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  • From Paratext to Epitext:Mapping the Authorial Apparatus in Early Modern Women's Writing
  • Patricia Pender (bio) and Rosalind Smith (bio)

Our focus on Early Modern Women's Writing and the Apparatus of Authorship in this special issue of Parergon responds to emerging trends in early modern women's studies that emphasize the importance of the material text to the literary, historical, and political analysis of women's works in the long early modern period. Attention to the material contexts of women's works is not new; it has, for instance, been a staple of the invaluable critical introductions to early modern women's texts that have been produced in the past thirty years.1 However, it is also the case that, until relatively recently, such scholarship has remained something of a specialist concern, standing in paratexual relationship to the text proper, as an introduction to the work that follows. This relationship has been reinforced in criticism that considers the literary interpretation of early modern women's writing before, or outside of, its material and textual specificity.2 If there has been something of a time lag in the material turn in early modern women's studies, this might be attributed, as Sarah C. E. Ross suggests in her introduction, to the field's initial focus [End Page 193] on the recovery of the historical woman writer and the assumption that gender provides the most pertinent interpretive crux to her text.3 While the past thirty years of scholarship has complicated this focus by incorporating analyses of rank, race, learning, sexuality, geographical location, and political and religious affiliation into the picture, the historical conditions that make a critical focus on gender valid and generative have by no means disappeared. The essays collected here share a continued focus on gender as a crucial feature of early modern women's writing, but they explore this focus in ways that attempt to unhinge it from immutable or essential associations with the body of the woman writer and insist instead on gender's shifting, contingent, productive, and performative relationships to the corpus of women's writing as we inherit it.

As such, the collection aims provisionally to dissociate our understanding of gender from its more recent critical legacies, at least as these relate to readings of early modern women's works, in order to explore what different understandings of its role emerge if the term is unshackled from its conventional associations. This is a strategic dissociation, designed to enrich and complicate our understanding of early modern gender regimes, rather than a post-political move designed to ignore or efface them. Such a move might seem to risk charges of anachronism or ahistoricism, by resisting accumulated assumptions about the operations of gender in the period. However, it does so deliberately, strategically, and provisionally, in the interests of producing more historically situated and locally embedded insights about gender's fluctuating permutations from the sixteenth through the eighteenth centuries. The comparison of women's paratexts from the remote ends of the early modern period, for instance, reveals major shifts in textual production and promotion, highlighting the need for further historicization of this authorial apparatus and its associations with gender before period-wide pronouncements can be properly attempted. Similarly, by eschewing fixed ideas about women's relationships with genre and community, this collection resists viewing women's engagement with forms and networks as necessarily innovative and successful; the seemingly derivative generic engagements and partially successful projections of community explored [End Page 194] here provide salutary counterpoints to the field's critical predilection for narratives of gendered rhetorical triumph. In exploring the reception of early modern women's writing through its textual redactions, this volume also addresses the mechanisms through which women's writing has been excluded or marginalized from canonical literary history. Again, however, the particularization of this process is key: as the essays in this volume reveal, gender operates in surprising and often conflicting ways across four centuries of scholarship on early modern women's writing, and these shifts problematize sweeping ideas about the gender biases of our inherited literary histories. If the essays in this volume ask us to consider discrete material features of early modern...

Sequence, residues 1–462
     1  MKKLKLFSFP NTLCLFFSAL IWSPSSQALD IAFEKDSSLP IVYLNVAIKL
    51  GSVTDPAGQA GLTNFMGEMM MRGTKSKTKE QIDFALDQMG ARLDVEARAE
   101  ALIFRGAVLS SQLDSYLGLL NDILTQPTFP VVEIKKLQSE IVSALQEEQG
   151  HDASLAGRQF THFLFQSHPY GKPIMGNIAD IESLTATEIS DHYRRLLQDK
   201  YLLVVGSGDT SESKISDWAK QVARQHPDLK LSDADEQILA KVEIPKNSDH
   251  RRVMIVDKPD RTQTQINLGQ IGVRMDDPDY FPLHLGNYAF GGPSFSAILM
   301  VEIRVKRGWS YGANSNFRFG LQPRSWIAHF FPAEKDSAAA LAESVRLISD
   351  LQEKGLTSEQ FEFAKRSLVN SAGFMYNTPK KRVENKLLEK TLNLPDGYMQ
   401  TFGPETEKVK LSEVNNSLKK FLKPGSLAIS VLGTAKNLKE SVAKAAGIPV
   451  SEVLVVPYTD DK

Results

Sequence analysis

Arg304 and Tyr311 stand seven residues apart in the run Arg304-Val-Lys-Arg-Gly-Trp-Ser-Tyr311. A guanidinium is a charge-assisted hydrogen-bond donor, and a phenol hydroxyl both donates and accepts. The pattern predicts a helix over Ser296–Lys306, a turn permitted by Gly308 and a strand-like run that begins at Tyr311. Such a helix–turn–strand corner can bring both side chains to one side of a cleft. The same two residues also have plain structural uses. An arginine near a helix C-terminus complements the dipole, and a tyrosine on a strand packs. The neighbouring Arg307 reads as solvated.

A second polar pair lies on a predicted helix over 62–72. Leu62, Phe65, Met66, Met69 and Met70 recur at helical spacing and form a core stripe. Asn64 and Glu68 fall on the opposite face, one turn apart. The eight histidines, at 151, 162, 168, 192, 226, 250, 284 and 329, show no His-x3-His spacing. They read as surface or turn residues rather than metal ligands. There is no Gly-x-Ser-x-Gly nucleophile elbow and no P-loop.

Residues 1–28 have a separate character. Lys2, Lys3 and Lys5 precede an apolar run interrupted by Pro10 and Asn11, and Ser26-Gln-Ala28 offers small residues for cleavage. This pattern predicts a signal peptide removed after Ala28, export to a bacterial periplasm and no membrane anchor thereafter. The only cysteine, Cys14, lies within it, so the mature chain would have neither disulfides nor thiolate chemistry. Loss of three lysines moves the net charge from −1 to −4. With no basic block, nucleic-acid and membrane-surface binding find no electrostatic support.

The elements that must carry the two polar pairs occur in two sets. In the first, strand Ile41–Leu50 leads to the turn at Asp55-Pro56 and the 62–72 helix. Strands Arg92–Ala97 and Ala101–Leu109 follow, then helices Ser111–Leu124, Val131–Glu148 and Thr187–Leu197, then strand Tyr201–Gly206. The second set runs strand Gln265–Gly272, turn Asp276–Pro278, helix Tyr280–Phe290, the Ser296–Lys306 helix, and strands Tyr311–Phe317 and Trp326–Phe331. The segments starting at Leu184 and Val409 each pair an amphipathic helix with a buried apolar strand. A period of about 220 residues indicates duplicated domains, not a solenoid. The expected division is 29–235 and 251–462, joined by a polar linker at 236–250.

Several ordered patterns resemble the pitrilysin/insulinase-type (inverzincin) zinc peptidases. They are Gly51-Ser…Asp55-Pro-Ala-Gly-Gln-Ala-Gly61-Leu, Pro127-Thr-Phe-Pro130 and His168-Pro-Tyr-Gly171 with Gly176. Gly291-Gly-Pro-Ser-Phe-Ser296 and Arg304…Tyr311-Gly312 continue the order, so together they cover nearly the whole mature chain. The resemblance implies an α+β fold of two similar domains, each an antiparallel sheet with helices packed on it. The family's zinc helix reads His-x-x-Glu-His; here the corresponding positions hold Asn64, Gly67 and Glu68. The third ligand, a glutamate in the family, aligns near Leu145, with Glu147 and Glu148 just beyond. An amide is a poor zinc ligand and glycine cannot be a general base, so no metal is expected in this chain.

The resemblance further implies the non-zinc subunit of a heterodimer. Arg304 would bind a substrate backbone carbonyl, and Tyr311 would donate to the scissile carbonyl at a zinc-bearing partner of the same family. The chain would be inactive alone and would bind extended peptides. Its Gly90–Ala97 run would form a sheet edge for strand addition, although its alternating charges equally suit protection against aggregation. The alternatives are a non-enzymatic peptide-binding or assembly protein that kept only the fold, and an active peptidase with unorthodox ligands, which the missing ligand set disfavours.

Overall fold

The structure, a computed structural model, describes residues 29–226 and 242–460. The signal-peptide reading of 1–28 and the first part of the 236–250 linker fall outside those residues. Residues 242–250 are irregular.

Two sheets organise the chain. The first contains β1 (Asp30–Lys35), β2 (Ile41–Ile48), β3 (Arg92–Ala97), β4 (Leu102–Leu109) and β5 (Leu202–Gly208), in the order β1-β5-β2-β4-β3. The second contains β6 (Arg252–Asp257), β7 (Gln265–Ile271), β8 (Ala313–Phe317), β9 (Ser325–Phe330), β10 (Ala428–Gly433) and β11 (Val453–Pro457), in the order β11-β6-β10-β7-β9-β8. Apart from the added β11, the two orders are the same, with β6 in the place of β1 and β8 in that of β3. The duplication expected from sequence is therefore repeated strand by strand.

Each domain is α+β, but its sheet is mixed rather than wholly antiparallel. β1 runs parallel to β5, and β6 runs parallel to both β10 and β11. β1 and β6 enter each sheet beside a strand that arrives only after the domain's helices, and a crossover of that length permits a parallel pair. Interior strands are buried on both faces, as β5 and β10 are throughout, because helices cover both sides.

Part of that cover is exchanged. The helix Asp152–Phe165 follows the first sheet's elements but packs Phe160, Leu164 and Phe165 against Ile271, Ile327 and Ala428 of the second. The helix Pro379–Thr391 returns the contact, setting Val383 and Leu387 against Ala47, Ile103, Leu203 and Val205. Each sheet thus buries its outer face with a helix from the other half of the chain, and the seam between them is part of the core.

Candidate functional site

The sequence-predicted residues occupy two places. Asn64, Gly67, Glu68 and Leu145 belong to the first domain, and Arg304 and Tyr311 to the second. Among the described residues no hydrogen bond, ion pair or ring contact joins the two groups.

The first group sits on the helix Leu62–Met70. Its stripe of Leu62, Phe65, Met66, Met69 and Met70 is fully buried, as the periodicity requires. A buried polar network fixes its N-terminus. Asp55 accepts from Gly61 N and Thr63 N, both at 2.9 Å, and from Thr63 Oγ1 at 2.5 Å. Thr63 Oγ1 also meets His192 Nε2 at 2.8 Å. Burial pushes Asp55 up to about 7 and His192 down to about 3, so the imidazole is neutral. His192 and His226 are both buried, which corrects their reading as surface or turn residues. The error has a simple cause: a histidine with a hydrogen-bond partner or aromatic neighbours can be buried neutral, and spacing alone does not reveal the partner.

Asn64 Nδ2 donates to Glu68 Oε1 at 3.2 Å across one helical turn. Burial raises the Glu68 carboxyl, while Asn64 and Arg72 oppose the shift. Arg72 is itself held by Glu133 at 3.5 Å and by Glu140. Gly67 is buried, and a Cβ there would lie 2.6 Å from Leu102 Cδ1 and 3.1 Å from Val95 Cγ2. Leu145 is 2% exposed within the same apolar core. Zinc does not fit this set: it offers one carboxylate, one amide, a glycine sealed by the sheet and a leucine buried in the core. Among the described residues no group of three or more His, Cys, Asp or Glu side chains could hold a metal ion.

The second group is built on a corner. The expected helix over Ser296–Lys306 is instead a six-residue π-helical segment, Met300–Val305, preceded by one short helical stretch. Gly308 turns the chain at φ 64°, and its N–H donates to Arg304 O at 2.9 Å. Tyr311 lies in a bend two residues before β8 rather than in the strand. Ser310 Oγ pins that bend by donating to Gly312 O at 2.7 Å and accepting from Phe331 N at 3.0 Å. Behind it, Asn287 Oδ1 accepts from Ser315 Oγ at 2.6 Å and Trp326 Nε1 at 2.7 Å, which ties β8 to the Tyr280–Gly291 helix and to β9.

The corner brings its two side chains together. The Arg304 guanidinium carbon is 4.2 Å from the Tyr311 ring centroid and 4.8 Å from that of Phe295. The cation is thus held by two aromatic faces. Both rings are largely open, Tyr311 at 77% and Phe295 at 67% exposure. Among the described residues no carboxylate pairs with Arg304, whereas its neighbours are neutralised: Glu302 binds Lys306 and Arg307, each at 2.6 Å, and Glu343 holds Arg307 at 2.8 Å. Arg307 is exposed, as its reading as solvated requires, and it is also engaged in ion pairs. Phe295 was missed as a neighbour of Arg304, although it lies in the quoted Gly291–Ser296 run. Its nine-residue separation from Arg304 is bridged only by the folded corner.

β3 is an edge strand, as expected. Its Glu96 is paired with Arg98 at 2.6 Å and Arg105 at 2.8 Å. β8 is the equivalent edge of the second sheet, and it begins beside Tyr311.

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pp. 193-201
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